Glendale 100: AZ Humanities Frank Talks: Water in the Southwest: Where Have We Been, and Where Are We Going?

6:00 PM - 7:00 PM
Heroes Regional Park Library
Yucca Room

Event Details

RESCHEDULED for Monday, March 6th at 6PM at the Heroes Regional Park Library. 

The Frank Talks facilitator for the Water in the Southwest program had to cancel for today. The program has been rescheduled for next Monday, March 6th at 6pm at Heroes Regional Park Library. If you would like to register for the rescheduled program, please use the following link: I apologize for the inconvenience and hope that you will be able to attend next week.

Glendale 100*

Arizona Humanities

Water in the Southwest: Where Have We Been, and Where Are We Going?
It has been said that “Whiskey is for drinking, water is for fighting.” This is especially true of water politics in the American Southwest, a region defined by its lack of water. The massive 20th century federal investments into dam systems controlled the great rivers of the West, allowing cities like Phoenix to “bloom like a rose” and grow exponentially. As we look to our future, many questions arise. Where does our water come from? Who benefited from changing water politics? How did moving water systems from one place to another affect different communities, and how have those effects been recognized through treaties and policies governing water? And perhaps most importantly, in the face of a changing climate: how sustainable are our present-day water policies and infrastructure?


Please be advised that FRANK Talks are private and may not be recorded or broadcast in any form. You understand these conditions for participation and agree to hold harmless Arizona Humanities and the Arizona State Library.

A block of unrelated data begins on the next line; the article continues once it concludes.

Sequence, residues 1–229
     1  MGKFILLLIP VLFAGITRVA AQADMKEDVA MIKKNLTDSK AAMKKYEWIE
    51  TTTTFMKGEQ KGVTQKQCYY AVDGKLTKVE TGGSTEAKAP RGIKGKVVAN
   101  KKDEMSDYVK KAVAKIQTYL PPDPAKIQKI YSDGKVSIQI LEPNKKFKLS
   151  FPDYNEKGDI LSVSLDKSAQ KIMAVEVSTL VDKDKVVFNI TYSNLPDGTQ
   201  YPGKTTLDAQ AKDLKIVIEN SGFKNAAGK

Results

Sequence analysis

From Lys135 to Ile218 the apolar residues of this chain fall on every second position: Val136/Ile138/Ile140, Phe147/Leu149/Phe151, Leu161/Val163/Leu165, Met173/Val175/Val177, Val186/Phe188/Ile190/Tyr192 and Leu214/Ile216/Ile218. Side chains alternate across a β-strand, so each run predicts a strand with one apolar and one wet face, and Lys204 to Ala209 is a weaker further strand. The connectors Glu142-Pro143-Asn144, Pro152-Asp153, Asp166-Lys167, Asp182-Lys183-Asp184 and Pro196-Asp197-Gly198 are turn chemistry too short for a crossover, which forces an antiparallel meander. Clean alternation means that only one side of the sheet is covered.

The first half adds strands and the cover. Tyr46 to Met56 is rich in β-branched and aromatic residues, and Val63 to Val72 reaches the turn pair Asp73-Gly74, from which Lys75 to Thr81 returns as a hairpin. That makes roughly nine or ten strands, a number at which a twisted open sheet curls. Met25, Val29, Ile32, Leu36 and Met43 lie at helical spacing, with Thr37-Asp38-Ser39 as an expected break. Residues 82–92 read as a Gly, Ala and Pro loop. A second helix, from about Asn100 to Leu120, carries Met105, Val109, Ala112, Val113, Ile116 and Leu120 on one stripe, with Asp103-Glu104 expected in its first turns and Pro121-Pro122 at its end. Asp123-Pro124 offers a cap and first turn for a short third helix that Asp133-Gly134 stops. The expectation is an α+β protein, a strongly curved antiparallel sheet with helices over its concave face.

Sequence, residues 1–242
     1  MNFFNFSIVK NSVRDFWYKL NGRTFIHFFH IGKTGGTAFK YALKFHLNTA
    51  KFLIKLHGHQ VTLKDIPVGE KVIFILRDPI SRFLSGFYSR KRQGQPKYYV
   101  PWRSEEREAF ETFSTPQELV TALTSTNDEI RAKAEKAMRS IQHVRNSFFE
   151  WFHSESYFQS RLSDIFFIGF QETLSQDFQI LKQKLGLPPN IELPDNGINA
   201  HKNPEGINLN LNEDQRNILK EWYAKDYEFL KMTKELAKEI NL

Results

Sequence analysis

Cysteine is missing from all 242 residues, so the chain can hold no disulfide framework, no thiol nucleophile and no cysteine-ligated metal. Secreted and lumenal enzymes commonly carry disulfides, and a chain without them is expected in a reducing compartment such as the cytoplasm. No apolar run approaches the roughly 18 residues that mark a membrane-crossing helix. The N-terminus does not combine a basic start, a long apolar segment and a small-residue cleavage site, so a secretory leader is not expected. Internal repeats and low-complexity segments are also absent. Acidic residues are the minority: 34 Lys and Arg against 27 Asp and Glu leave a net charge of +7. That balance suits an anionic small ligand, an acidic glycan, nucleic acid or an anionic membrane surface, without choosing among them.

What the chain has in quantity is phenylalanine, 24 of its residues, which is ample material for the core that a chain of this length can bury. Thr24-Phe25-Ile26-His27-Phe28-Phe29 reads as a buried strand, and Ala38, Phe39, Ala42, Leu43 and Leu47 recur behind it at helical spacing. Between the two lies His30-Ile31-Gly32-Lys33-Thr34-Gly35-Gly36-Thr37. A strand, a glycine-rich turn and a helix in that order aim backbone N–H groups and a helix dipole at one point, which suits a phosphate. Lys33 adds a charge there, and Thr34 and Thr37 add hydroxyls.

Jennifer Richter

Dr. Jennifer Richter is an assistant professor in the School for the Future of Innovation in Society and School of Social Transformation. Her research interests are at the intersections of science and society, especially how federal policies are enacted locally. By examining how science and technology policies collide with local expectations and understanding of their environments and economies, Dr. Richter explores the different scales of technologies and policies and their effects on people. Dr. Richter focuses on energy justice, specifically in relation to nuclear and renewable energy production, and how production affects different communities.

Event Type(s): Cultural Education, History
Age Group(s): Adults
Presenter: Dr. Jennifer Richter
Dianne J warren
(623) 930-4438

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